Another lovely spot on Tahiti is the Gauguin Museum, situated on the southeast of the island near the peninsula of Tahiti Iti (“Little Tahiti”). There is a scenic view over the bay toward the peninsula, whose green hills slope downward toward the coast. The artist Paul Gauguin lived and worked here in the 1890s, and the Tahitian-themed images he painted during this time did much to influence Western views of this island. The museum’s buildings encircle a wide expanse of grass, on which sit several tiki (traditional carved statues) and a memorial to Gauguin. Few of the artist’s original paintings are on display, but the exhibits provide a good description of his life on Tahiti, including a reconstruction of the house in which he lived.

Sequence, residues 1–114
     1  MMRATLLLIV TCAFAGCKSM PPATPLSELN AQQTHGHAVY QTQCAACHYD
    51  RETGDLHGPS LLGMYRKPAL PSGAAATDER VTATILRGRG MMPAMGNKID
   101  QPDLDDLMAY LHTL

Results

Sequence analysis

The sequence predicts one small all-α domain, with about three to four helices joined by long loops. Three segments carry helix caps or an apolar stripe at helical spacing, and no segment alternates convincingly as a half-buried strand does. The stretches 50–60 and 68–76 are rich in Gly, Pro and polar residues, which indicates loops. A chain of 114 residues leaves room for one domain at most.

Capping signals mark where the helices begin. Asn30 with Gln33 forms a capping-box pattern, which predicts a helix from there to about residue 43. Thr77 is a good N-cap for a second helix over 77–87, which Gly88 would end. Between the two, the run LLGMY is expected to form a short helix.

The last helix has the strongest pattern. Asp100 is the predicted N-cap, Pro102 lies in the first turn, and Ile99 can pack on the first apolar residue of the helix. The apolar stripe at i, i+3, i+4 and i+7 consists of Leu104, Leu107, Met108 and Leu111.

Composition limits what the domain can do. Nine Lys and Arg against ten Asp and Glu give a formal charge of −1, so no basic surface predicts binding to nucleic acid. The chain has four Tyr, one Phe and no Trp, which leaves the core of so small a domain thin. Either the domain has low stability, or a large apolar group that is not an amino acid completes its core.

Although only 40 minutes by high-speed ferry (the Arimiti 4, spacious, air conditioned, and populated mostly by Australian tourists), a visit to the neighboring island of Moorea is like a journey back in time, to what Tahiti once was like. Like Tahiti, Moorea is a high island, with volcanic peaks and a green carpet of vegetation, and fringing coral reefs. Now mainly geared toward tourism and agriculture, Moorea is a quiet island, where the pace of life is slow. The scenery here is even more breathtaking than on Tahiti. Strolling down the nearly empty roads lined with coconut palms and frangipani, with the mist-covered mountains rising in the distance, you really do feel like you are in the midst of a tropical paradise. I was amazed by the picturesqueness of the landscape. It seemed that almost every view could have been a painting, a perfect harmony of colors and contrasts: the shadowed greens and browns of the volcanic hills, the intense blue of the sky with its patches of white clouds, the clear lagoon with its shades of green and turquoise. Flowers and fruit grow in abundance along the roadsides—bright red hibiscus, pale fragrant tiare and frangipani, bananas, pineapples, breadfruit.

Bread Fruit